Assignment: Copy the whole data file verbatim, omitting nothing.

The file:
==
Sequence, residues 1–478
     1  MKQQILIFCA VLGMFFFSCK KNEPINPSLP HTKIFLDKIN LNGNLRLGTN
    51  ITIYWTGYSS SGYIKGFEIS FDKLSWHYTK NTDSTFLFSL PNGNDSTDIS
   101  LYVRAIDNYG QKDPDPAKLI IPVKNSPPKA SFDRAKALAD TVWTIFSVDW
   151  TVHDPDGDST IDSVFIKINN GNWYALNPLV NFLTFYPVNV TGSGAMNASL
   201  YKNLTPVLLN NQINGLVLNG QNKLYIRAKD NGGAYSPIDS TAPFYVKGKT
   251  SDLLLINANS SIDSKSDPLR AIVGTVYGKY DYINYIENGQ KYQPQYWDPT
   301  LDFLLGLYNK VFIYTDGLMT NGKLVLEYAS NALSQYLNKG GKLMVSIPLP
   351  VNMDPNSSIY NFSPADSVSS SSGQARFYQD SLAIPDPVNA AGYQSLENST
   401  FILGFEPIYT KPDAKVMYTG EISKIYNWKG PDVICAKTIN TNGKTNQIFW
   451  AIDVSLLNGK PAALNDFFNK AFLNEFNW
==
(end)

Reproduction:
Sequence, residues 1–478
     1  MKQQILIFCA VLGMFFFSCK KNEPINPSLP HTKIFLDKIN LNGNLRLGTN
    51  ITIYWTGYSS SGYIKGFEIS FDKLSWHYTK NTDSTFLFSL PNGNDSTDIS
   101  LYVRAIDNYG QKDPDPAKLI IPVKNSPPKA SFDRAKALAD TVWTIFSVDW
   151  TVHDPDGDST IDSVFIKINN GNWYALNPLV NFLTFYPVNV TGSGAMNASL
   201  YKNLTPVLLN NQINGLVLNG QNKLYIRAKD NGGAYSPIDS TAPFYVKGKT
   251  SDLLLINANS SIDSKSDPLR AIVGTVYGKY DYINYIENGQ KYQPQYWDPT
   301  LDFLLGLYNK VFIYTDGLMT NGKLVLEYAS NALSQYLNKG GKLMVSIPLP
   351  VNMDPNSSIY NFSPADSVSS SSGQARFYQD SLAIPDPVNA AGYQSLENST
   401  FILGFEPIYT KPDAKVMYTG EISKIYNWKG PDVICAKTIN TNGKTNQIFW
   451  AIDVSLLNGK PAALNDFFNK AFLNEFNW